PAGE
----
Making is Connecting

Some ideas on creativity and connection that seem relevant to Elsie:

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Some Reflections on Elsie…

Over the last couple of days, with the wonderful support of Cohearent Vision we have managed to train some 25 Elsie panel members and half a dozen potential advocates!

Feedback has been tremendously supportive and encouraging with some excellent insights offered into how we can move the project forward.

Why are we doing this?

Because we need many, many more people developing skills and figuring how they will deploy those skills to make a living. Increasingly this will not be by preparing to ‘meet the needs of big employers’ who may reduce employment rather than increase it.  Certainly we cannot rely on enough employers coming along to create work for everybody – however successful and competent our inward investment strategy.

The problem is not about how we deliver business support (re-arranging the deck chairs on the supply side of the Titanic) but about how we build a context where people, regardless of the scale of their aspirations or the nature of their ideas, can find the support that they need in the communities where they live and with the tools at their disposal. By developing a demand side that is much more effective at both recognising the help that it needs and then sourcing it we could save tens of millions that is otherwise spent on wasteful supply side re-organisation.  We have to build helping technologies that allow people to start from where they are at and work with what they have got.

This is what Elsie is all about…

At the core of this is a recognition that just like it takes a village to raise a child, so it takes a community to raise a successful entrepreneur. We need to build communities that are much more conducive to enterprise which often means cleaning up its reputation, divorcing it from ideology and re-connecting it with concepts such as ‘livelihoods’, ‘community’ and ‘good work‘.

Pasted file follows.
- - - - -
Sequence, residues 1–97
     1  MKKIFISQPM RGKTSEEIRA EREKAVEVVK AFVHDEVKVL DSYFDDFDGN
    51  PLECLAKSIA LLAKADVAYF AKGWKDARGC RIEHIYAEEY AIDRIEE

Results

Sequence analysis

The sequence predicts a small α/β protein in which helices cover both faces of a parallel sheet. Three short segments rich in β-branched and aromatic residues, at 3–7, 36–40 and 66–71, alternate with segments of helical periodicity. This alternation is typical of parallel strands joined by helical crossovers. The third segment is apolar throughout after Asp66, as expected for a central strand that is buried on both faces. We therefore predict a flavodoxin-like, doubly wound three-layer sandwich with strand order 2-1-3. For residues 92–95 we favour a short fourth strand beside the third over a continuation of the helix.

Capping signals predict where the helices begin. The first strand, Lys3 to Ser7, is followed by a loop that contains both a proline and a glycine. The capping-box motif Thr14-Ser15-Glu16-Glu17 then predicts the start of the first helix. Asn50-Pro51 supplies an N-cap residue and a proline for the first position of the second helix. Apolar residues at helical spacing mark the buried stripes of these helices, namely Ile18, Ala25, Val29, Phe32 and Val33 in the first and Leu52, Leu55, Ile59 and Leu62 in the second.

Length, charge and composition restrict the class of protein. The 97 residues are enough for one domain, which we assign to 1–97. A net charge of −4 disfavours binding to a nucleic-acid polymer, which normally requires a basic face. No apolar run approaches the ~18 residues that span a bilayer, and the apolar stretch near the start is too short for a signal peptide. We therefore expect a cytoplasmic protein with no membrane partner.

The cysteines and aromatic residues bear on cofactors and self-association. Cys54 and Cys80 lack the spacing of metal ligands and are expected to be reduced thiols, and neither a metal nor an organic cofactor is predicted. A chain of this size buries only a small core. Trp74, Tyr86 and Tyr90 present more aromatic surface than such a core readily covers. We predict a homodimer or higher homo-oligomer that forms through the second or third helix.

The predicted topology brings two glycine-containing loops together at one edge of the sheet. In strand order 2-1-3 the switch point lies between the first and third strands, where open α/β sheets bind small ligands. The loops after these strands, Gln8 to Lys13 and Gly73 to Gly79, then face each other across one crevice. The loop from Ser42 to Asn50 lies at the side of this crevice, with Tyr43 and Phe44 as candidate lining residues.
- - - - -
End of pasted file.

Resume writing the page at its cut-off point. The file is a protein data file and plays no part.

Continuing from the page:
Social Capital – the difference that makes the difference?

Social capital is a measure of the quality and quantity of relationships in a community.  The better these relationships, the greater the social capital, the easier it is for all sorts of resources to flow through the community to where they are most needed – knowledge and skills, under-used tools and even cash.  In communities with low social capital, often characterised by mistrust, greed and fear, people tend to hold what they have instead of making it available for others to use.

The deliberate development of social capital, connecting people, building trust, helping and being helped is perhaps the single most powerful, cost-effective and worthwhile thing that can be done to encourage economic, social and cultural development.  Simply put, social capital reduces the effort and cost of getting things done.  The more social capital, the better.

Elsie is an investment in social capital.

It provides a process and structure where people can come together and get the help flowing to where people can really use it to do good work.

If you would like to get involved and help the help to flow then here is how.